1. A parent with whom the child usually lives with, may not necessarily be the best person for that child to live with on a permanent basis.
    2. If the primary carer unreasonably withholds the child from the other parent so as to be detrimental to the child’s emotional well-being, the Court may reverse the situation to enable the child to live with the other parent to develop and maintain that relationship. Specifically if the Court is satisfied that the other parent can facilitate the relationship with the other.
    3.  This is always subject to protecting the child from emotional and physical harm.
  3.  Which parent has a stable and safe home for the child to live?
    1. It may not be in the best interests to live with the au pair or extended hours in day care, or share house, if the primary carer is required to spend long and extended periods away from the home for work or other reasons and the other  parent can provide a safe home with emotional support.
    2. If there are other occupants of your home, this will impact on the Courts decision when making an order for the child to live with one parent and spend  time with the other.
  4.  The practical difficulty of the child spending time with each parent and how each parent is prepared to overcome that difficulty.
    1.  Children can still have meaningful relationships with parents that live in  different states; it is how the parents can provide the means and opportunity for  the child to maintain that relationship with the other parent that the Court needs to consider if it is appropriate for the child, not the parents.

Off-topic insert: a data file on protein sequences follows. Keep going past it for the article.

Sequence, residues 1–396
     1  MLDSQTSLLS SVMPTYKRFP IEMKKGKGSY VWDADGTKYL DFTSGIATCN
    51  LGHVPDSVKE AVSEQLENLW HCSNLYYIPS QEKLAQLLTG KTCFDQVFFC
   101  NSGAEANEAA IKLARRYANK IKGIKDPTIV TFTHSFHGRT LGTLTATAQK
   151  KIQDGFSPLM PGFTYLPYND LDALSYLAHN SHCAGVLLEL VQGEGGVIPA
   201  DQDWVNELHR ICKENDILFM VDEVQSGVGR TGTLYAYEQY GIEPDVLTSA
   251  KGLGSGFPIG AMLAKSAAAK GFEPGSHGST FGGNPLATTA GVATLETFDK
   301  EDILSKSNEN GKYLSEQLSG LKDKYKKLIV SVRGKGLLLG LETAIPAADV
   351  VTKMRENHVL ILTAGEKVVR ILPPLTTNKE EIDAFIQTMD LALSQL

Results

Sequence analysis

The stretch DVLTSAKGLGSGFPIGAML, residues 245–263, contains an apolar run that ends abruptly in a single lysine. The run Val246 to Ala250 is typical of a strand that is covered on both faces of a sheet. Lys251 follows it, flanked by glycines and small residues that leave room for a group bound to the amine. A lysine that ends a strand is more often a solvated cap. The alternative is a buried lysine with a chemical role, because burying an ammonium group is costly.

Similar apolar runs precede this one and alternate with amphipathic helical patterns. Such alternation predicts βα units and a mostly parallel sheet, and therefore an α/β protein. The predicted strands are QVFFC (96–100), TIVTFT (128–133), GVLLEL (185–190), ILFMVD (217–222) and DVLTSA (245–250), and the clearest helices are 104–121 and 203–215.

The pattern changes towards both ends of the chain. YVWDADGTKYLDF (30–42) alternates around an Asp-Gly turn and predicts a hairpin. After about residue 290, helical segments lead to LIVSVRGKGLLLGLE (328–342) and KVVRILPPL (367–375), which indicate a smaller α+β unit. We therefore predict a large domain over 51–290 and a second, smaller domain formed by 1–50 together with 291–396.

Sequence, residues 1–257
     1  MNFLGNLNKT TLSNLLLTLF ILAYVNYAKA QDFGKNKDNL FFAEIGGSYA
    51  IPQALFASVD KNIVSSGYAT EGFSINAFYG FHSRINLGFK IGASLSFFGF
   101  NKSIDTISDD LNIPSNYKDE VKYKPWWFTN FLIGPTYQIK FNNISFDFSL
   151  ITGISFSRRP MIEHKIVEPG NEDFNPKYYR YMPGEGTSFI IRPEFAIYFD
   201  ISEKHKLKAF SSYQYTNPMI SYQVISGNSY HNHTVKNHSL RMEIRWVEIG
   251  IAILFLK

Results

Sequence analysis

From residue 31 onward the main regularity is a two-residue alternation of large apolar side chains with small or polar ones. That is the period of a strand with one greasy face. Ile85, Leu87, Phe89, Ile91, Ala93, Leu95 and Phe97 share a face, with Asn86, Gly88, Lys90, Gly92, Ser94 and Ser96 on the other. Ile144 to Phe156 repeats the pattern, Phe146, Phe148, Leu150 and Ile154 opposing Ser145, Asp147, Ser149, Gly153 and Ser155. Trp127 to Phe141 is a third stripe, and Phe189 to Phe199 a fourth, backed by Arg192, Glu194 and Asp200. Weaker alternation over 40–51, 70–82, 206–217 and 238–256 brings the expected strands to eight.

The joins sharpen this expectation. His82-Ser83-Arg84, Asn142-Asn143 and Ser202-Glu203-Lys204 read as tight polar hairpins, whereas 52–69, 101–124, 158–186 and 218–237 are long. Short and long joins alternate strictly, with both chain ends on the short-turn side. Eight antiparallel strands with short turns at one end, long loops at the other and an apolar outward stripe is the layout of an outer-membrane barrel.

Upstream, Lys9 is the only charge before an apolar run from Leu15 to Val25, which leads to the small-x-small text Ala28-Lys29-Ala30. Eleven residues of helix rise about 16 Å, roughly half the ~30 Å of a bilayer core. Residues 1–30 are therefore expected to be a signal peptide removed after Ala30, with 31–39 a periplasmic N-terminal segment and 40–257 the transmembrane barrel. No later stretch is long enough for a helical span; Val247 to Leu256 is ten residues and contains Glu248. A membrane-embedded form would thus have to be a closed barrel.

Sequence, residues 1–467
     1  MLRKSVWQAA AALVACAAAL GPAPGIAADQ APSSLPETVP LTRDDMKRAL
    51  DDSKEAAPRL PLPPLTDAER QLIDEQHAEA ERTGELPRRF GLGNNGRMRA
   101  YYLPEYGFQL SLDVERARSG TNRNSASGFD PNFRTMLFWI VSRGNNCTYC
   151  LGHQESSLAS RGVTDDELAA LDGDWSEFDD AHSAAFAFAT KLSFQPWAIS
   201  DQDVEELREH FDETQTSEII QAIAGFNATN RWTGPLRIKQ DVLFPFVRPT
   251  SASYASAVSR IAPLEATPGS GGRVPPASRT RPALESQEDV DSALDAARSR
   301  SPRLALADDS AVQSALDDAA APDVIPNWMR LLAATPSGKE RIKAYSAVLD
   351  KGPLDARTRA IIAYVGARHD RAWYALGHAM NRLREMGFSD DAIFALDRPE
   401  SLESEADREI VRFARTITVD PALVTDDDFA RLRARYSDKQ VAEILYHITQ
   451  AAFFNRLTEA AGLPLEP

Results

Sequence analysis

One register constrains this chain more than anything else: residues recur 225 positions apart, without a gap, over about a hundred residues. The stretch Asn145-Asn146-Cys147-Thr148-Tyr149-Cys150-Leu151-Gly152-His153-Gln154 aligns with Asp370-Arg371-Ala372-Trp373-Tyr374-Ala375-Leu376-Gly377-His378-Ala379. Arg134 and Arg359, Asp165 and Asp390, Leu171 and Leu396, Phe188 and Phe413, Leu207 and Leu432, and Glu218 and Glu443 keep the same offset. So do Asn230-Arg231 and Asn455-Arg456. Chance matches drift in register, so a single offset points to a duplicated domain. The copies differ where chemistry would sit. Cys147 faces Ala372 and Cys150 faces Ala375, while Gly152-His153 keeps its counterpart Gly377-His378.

5. The views of the child, depending on the age and maturity level of the child as  assessed by a Family Consultant (psychologist).
    1. It should be noted that if the child expresses the wish to live with one parent because that parent does not make them stack the dishwasher or do their  homework, or spends more money on them and does not monitor their social media content, their views will probably not be reflected in the Judge’s decision.

How do you show the Court the child/ren should live with you?

You must provide evidence to the Court that supports that you have the best interests of the child at the heart of your request for your proposal for parenting orders.

So in answer to your question of who wins between mum or dad, the answer is neither. It is all about the child and which parent can provide the better environment for the child.

The Court is concerned as to how responsible the parents are in providing for the rights of their children, and if the parents can make decisions together. If a parent provides evidence that there are reasonable grounds that the parties cannot make decisions together for the sake of the child, (s61DA FLA), the most competent parent will be given sole responsibility of the child’s long term decisions.  This does not mean that the other parent cannot spend the most optimum time with the child, which is in the best interests of the child’s emotional and physical needs.

Do you wish to have further detailed information to assist you provide a positive and happy environment for your child/ren? Do you want to provide certainty to help them adjust to their new way of living whilst keeping them safe from the problems that you and the other parent, and or grandparent and or significant other person have with each other? Please do not hesitate to contact our office on 5679 8016 to speak with one of our solicitors.

Call
Email